Let’s see some pix of the pix (they are beautifully printed on canvas; each of them will go to the respective offices (Tres Rios, Grand Junction, White River and Little Snake) when the exhibit closes at the end of the year):

One of the walls of Piceance-East Douglas beauties.

A cozy corner of Little Book Cliffs mustangs with some of the astounding scenery shown. Part of Little Book Cliffs also is a wilderness study area (like McKenna Peak in Spring Creek Basin).

Some lovelies of Sand Wash Basin.

And of course, my most-beloved Spring Creek Basin wildies.

Deep, heartfelt gratitude to Bridget and Mike and everyone who conceived of and then brought this exhibit to reality. It didn’t open in January as planned because, you know, Covid, but it’s been open since mid-April and will be open the rest of the year (check the link at top of the page for visitor center/museum hours). (As of this writing, they’re following safety protocols with limited capacity in the building and social distancing.)

If you’re coming to or through Southwest Colorado in 2021, please, please, pretty-pretty please make a stop at Canyons of the Ancients Visitor Center and Museum and take time to walk through, and/or sit, and very most definitely enjoy this exhibit of some of the mustangs that call Colorado home. We are SO proud of our mustangs!

Evening sublime

15 05 2021

When the light is as sublime as this, you’d think the mustangs would drop everything and pose like the wild beauties they are. …

Not so much. 🙂

So you have to catch them as you can, before the light is gone for another day. Pretty Temple is the day’s lovely model.

Stallion seeking mares

10 05 2021

It’s hard keeping one’s ladies in line. They’re independent thinkers, those girls, and though a stallion can mostly get them lined out in the “right” direction, they do like to dawdle here and there and everywhere.

Here, Storm was on the march to collect a couple of wayward grazers as they made their way (I think) toward and in the direction of – eventually – water. He was well aware of a band just leaving the water source, not too far away, and that might have lent a little urgency to his mission. I was with them until the sun did hit the horizon, and though they moved to the other side of a big arroyo, they didn’t seem in too big a hurry to challenge the other band on the path to evening water.

Relaxed & alert

3 04 2021

The Easter revelers are already out in Disappointment Valley in/on their buggies and wheeled vehicles that whine and growl and chug and make other noises that are annoying. (It’s worth acknowledging that the human(s) in control are largely responsible for the level of annoyance of such vehicles.)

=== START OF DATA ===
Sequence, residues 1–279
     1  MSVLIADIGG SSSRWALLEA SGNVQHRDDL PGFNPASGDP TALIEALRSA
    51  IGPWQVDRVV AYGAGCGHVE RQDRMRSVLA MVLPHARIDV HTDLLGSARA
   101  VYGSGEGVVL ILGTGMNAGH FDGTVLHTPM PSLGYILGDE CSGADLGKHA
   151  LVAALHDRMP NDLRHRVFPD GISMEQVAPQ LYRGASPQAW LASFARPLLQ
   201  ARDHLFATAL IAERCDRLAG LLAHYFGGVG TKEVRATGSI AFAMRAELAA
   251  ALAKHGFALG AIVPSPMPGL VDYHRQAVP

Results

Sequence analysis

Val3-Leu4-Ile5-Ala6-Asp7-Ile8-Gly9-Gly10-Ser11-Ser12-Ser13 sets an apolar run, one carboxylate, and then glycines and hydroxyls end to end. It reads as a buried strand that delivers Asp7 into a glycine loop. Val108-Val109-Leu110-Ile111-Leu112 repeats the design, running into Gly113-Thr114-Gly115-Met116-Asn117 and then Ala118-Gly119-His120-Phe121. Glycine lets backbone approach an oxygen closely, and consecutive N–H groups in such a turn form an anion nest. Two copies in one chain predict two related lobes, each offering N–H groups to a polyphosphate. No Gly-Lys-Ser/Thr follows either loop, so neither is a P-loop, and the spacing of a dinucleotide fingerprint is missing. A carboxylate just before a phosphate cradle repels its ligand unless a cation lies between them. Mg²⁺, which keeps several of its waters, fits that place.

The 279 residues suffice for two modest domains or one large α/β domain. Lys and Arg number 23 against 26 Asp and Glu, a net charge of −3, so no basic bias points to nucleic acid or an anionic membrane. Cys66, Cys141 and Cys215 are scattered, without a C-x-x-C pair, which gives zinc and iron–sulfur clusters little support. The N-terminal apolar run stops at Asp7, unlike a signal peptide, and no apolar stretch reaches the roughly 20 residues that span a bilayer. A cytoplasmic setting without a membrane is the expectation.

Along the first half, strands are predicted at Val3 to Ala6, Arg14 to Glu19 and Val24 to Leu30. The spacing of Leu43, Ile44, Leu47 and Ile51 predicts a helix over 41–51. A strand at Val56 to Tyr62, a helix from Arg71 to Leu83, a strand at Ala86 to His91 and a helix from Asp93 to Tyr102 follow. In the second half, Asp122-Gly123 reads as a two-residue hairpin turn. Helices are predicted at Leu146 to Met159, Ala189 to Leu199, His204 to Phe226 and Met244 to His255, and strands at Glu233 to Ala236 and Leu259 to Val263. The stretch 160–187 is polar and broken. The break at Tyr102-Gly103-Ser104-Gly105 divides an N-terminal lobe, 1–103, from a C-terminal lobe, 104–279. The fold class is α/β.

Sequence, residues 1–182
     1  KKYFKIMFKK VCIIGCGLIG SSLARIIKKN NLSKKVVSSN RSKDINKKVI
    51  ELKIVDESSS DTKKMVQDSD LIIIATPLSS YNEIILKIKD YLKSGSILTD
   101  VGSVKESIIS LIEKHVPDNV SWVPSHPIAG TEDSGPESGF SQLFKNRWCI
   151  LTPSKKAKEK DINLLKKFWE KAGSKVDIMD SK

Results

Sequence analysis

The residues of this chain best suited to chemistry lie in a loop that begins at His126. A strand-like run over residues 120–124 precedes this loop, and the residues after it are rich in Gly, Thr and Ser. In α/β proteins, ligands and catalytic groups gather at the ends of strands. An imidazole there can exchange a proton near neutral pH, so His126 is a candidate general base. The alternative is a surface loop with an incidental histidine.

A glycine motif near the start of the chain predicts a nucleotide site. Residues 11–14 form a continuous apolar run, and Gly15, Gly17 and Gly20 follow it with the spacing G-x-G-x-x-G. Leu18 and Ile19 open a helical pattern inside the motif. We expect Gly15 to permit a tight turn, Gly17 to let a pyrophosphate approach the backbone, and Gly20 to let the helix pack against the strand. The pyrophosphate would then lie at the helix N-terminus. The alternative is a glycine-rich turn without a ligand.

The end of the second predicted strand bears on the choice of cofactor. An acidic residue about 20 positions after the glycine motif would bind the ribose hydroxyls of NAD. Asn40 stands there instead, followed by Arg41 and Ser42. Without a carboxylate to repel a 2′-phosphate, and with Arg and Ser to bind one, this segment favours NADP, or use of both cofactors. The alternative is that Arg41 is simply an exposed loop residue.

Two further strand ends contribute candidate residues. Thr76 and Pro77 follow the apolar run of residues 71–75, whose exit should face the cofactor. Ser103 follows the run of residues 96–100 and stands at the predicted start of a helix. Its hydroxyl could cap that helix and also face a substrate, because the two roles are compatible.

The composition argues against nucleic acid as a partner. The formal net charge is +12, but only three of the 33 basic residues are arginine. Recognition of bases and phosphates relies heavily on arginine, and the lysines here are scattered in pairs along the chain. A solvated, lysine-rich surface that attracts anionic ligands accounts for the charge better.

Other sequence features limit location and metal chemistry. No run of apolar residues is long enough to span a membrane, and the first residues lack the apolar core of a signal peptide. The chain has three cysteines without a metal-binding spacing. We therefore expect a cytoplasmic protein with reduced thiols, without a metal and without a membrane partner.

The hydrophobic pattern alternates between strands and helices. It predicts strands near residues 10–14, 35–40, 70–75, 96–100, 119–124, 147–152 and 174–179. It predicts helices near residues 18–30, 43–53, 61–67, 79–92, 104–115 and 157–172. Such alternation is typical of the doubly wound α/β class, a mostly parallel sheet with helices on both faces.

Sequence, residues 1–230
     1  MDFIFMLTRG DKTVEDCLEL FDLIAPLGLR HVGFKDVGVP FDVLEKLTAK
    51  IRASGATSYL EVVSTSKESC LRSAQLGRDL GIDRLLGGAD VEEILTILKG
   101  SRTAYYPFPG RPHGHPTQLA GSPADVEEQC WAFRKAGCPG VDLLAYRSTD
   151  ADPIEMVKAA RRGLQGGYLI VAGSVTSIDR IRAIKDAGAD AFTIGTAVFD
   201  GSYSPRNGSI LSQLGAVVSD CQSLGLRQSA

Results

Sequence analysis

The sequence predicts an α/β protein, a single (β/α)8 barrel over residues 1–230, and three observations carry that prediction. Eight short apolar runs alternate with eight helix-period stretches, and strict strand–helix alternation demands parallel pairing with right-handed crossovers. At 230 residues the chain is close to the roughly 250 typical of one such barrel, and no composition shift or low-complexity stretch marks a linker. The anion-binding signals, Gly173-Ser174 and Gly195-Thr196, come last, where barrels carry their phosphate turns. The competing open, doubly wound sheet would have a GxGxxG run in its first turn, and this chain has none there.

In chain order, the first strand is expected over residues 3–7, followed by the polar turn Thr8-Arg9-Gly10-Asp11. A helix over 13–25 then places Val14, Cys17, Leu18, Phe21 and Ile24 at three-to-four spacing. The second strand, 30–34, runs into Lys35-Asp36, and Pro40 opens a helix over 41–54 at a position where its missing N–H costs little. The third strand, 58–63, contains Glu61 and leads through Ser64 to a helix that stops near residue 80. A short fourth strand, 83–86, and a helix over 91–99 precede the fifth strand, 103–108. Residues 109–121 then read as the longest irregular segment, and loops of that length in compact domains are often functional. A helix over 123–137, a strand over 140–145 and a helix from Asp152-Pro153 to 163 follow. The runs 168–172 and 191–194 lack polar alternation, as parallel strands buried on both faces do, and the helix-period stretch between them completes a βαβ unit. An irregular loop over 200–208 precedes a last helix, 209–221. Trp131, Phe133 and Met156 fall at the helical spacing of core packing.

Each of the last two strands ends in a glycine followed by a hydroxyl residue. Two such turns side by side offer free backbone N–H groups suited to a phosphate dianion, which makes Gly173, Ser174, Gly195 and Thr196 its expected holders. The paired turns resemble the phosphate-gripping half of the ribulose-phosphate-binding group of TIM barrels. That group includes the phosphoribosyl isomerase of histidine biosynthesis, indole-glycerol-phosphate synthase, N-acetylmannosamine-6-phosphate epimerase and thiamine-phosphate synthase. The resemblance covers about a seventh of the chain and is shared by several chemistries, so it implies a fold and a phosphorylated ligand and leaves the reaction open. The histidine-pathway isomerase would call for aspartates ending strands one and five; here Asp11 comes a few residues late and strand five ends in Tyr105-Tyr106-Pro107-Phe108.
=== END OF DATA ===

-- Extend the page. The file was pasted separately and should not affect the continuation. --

Killian and his band had run from the road about an hour before I took this pic of him, far interior in the basin and away from any road. (And yes, they ran because the noise and annoyance level from two dirtbikes, a souped-up dirtbuggy and an ATV was excruciatingly high.) He was napping and watching one mare while his other mares grazed around him.

Blue hour

22 03 2021

Blue eyes and blue mountains: Our Kwana makes any grey-brown bravissimo.

Wide berth

10 03 2021

Shadow is another little old lady of the basin (though not nearly as old as Houdini) who’d rather not bother with two-legged interlopers, thank you very much. Just because the rest of the band doesn’t seem to be bothered, Shadow knows what she knows, and no one will convince her otherwise … even during lovely naps on lovely, sunny, not-quite-spring days. 🙂

Open invitation

6 03 2021

Temple seems to be issuing an invitation to enter her wild world. It’s not still quite that white … but it’s still wonderfully wet.

Snow all the way to Utah

19 02 2021

The snow is still deep, still awesome.


19 01 2021

Craziness: When you walk into the basin hoping to find a particular band, not expecting to see any other bands in the area in which you’ll be hiking … and find FOUR other bands … and still not the band you were *hoping* to find.

It happens. 🙂

Spirit looks fabulous against a backdrop of La Sal Mountains, still semi-snowy. With any beautiful luck, our world will be white in the morning.